Jewish leaders spar over integration efforts in Berlin

Stephan Kramer, sec.-gen. of Central Council of Jews, slams leader of Jewish community, describing him of "no vision and no idea."

stephan kramer 298.88  (photo credit: DPA)
stephan kramer 298.88
(photo credit: DPA)
Two of Germany's highest-profile Jewish leaders have become embroiled in a public war of words over how well the capital's Russian and Eastern European Jews are being integrated. Stephan Kramer, the secretary-general of the Central Council of Jews in Germany, launched a furious attack on the leader of Berlin's Jewish community, Gideon Joffe, describing him as "inexperienced" and of "no vision and no idea" as to how to unite the city's Russian and indigenous communities.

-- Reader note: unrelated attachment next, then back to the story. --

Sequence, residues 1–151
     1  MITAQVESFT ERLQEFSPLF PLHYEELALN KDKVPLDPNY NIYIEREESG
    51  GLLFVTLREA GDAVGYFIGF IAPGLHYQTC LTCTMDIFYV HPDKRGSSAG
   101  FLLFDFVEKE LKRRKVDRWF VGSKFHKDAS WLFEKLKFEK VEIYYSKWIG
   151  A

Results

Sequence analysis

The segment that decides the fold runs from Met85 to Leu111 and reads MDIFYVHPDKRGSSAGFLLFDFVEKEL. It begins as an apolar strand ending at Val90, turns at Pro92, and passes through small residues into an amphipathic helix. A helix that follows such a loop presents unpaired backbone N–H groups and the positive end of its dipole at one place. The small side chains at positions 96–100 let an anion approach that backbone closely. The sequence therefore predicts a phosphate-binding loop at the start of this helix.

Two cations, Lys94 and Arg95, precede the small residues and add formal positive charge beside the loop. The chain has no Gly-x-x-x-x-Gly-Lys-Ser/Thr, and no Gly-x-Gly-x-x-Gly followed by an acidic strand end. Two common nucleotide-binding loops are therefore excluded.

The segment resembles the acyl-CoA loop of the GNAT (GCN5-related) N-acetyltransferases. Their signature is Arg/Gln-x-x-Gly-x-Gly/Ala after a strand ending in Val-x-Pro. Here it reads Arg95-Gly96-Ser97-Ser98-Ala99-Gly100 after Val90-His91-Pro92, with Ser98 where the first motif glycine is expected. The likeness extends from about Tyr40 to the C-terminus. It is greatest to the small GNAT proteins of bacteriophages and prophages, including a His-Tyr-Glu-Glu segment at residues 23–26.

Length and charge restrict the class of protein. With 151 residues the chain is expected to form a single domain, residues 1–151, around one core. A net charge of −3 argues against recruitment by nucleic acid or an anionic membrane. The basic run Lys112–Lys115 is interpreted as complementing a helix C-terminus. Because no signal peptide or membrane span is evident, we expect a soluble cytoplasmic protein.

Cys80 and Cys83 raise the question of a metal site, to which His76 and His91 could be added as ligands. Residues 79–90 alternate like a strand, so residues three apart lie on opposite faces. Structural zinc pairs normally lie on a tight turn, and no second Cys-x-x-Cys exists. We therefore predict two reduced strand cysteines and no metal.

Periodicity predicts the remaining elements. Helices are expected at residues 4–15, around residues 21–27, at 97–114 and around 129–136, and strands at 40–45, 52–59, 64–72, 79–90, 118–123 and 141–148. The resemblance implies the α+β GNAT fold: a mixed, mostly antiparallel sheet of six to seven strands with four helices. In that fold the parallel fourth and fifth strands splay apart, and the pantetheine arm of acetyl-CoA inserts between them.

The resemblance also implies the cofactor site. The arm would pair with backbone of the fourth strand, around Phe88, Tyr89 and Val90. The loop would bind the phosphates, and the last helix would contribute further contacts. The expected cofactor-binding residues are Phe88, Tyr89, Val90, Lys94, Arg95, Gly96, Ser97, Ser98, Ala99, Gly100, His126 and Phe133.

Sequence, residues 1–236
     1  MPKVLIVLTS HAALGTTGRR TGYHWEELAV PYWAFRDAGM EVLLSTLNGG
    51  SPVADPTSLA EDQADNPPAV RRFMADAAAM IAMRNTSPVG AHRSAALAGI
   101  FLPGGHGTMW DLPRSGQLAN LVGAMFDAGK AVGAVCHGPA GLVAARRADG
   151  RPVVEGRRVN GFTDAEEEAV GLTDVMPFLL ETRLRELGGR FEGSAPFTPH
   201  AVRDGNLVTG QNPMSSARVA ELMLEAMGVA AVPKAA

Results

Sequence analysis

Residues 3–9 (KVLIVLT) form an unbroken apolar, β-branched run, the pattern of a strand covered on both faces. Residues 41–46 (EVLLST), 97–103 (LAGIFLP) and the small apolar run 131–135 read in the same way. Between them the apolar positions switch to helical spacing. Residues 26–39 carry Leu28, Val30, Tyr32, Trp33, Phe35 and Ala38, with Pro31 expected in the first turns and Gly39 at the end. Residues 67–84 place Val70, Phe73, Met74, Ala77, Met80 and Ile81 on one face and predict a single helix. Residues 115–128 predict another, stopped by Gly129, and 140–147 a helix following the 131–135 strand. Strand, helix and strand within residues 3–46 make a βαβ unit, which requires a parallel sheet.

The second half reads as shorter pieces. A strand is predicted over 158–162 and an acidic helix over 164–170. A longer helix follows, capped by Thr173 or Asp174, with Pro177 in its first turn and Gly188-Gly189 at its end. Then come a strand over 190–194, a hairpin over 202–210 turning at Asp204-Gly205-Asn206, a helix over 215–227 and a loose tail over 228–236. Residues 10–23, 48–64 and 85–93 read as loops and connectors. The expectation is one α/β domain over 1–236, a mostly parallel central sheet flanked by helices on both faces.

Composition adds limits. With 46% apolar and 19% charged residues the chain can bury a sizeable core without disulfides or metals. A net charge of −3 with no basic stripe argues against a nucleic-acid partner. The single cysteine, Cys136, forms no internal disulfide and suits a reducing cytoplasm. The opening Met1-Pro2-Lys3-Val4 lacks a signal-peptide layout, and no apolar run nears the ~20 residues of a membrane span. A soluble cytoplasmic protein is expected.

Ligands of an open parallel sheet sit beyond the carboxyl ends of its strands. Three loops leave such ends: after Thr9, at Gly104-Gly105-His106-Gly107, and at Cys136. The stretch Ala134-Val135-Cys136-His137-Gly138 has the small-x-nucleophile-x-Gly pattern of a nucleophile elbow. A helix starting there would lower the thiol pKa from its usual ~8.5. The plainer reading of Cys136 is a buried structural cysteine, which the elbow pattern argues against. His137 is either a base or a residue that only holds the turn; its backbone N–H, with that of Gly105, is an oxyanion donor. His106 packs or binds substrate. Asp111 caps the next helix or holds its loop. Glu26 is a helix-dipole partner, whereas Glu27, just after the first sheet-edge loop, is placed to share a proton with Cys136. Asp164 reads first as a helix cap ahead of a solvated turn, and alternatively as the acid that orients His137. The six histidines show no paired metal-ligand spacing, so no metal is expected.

• German Jewish leader: Rethink 'failed' Holocaust education About two-thirds of Berlin's 12,000 Jews are from Russia and Eastern Europe. Kramer told The Jerusalem Post that attempts to integrate the new influx of Russian Jews with the indigenous Jewish community were failing because of the "current leadership of Berlin." But Joffe, the chairman of the Berlin Judische Gemeinde (Jewish Community), claimed integration efforts in the city were more successful than in any other city in Germany - and said he would not stoop to respond to Kramer's "low" remarks. Kramer told the Post that more activities were needed to cater to Berlin's heterogeneous Jewish community. "There must be more activities for each of the different groups in the community, special programs for the elderly, families, young mothers with children and, of course, the Jewish youth." Joffe pointed to the Berlin Gemeinde council, which is made up of 10 Jews of German origin and 10 of Russian origin - making it the most evenly-allocated council in Germany. "There are some benchmarks for integration, and one of the benchmarks is the political participation of the new members," Joffe said. "For me, this is the sign that integration here is fair and good. It is much, much better than other cities." Other councils, such as in Munich, have nowhere near as equal a split, he said. Berlin, Kramer said, has "great potential for a prosperous Jewish life and it has a great infrastructure that most communities would dream of. I am only very sorry that the current leadership of Berlin seem not to understand the challenges in front of them. "If this community in Berlin does not succeed in the integration between all of its Jews, both Russian and German, under one roof," Kramer said, "it will be a disastrous signal for many other Jewish communities."